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Showing 4 posts in Subpoena.

Knock-Knock, Who’s There? The EEOC: When the EEOC’s can Investigate an Employer’s Premises Without Prior Consent

When the EEOC investigates a charge of discrimination, it may employ one of several investigatory methods, including site inspections.  In EEOC v. Nucor Steel Gallatin, Inc., a case of national first impression, a Kentucky district court considered whether to enforce a subpoena requiring the employer to provide on-site access to conduct witness interviews, examine the facility, and obtain additional information relating to the position the complainant applied for, or alternatively, to require the EEOC to obtain an administrative warrant.   More ›

11th Circuit: The EEOC can't Always get what it Wants

The 11th Circuit Court of Appeals recently shouted down the EEOC's broad subpoena powers when it held that the Commission wasn't entitled to hiring and firing information relating to Royal Caribbean's workers and job applicants who were not U.S. citizens, because that information had no bearing on the charge before the EEOC.

In 2010, Jose Morabito, an Argentinean national who was employed by Royal Caribbean as an assistant waiter on one of its cruise ships, filed a charge of discrimination with the EEOC.  In his charge, Mr. Morabito claimed Royal Caribbean violated the ADA when it failed to renew his employment contract after he was diagnosed with a medical condition.  Royal Caribbean responded to the charge by arguing (1) that the ADA was not applicable because Mr. Morabito was a foreign national who was employed on a ship flying the flag of the Bahamas, and (2) that, because Royal Caribbean ships are registered under the laws of the Bahamas, Royal Caribbean was required to follow the Bahamas Maritime Authority ("BMA") medical standards for seafarers, which disqualified Mr. Morabito from duty.  More ›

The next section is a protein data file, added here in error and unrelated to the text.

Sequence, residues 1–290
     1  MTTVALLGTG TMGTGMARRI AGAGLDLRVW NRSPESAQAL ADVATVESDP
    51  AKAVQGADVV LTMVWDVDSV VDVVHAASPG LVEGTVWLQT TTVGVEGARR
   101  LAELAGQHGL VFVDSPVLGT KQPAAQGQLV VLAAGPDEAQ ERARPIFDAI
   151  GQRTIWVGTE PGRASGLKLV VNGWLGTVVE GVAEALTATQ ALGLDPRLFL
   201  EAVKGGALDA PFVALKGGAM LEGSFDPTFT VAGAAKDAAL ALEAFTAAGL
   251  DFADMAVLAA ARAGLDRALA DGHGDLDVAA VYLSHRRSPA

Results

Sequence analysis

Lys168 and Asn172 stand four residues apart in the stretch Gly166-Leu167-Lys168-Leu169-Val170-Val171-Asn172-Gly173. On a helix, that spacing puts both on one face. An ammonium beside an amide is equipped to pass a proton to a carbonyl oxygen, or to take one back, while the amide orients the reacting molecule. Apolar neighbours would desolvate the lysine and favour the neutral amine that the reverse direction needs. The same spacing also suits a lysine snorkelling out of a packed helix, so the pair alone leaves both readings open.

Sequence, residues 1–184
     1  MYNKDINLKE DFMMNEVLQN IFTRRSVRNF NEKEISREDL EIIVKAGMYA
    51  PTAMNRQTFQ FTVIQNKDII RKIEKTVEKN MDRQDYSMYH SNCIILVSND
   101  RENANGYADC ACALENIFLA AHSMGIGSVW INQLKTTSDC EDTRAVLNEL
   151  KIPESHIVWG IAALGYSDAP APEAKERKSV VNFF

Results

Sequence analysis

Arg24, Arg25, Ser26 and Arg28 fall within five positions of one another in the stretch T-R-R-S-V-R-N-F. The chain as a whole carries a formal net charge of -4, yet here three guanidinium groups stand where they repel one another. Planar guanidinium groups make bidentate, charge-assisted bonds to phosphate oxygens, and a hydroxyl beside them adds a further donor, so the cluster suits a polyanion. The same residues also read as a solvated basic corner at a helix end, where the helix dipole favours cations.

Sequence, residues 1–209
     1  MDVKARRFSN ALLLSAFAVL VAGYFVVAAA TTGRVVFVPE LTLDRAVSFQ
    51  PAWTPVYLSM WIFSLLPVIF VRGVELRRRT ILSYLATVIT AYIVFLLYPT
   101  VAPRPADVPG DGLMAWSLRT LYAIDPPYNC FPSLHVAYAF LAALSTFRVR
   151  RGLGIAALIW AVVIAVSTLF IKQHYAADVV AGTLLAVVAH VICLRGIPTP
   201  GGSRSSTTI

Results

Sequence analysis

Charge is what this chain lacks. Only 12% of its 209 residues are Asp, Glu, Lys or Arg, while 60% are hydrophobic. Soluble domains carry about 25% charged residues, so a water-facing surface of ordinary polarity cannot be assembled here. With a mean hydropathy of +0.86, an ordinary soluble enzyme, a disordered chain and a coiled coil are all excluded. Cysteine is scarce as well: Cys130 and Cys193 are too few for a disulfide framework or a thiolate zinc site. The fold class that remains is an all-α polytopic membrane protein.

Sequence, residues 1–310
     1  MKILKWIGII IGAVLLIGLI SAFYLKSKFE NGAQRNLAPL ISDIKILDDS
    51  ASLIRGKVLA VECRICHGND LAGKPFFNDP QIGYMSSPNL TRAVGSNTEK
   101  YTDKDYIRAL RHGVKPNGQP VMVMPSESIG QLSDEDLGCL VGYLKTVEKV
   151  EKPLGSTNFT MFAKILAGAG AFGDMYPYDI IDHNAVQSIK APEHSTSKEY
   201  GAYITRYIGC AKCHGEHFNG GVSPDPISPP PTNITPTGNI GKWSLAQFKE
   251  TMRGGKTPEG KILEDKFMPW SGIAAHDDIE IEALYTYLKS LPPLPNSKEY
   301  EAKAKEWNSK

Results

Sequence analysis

Seventh Circuit: Failure to Object to EEOC Subpoena Within five Business days Waives any Future Objection

Addressing an issue of first impression for a federal appellate court, the Seventh Circuit Court of Appeals has ruled that, in order to object to an EEOC subpoena based on irrelevance or overbreadth, an employer must file a petition within five business days of first receiving the subpoena – if no such timely petition is filed, any later attempts to avoid responding are waived. This decision eliminates what had previously been an alternative theory relied upon by some employers: that an initial failure to file an objecting petition could be remedied by filing a motion to dismiss in federal court when the EEOC seeks to enforce the subpoena. Going forward, therefore, employers that receive an EEOC subpoena which they find to be overly burdensome or irrelevant must file a petition within the 5-day period set forth in EEOC regulations. If that opportunity is missed, any future efforts by the employer to avoid responding will be denied. More ›

Tenth Circuit Agrees with Employer: EEOC Subpoena Too Overbroad

Two separate individuals filed discrimination charges pursuant to the Americans with Disabilities Act (“ADA”) with the Equal Employment Opportunity Commission (“EEOC”) against an employer alleging discrimination based on a perceived disability after they were not hired following a conditional offer of employment and a medical screening procedure. More ›

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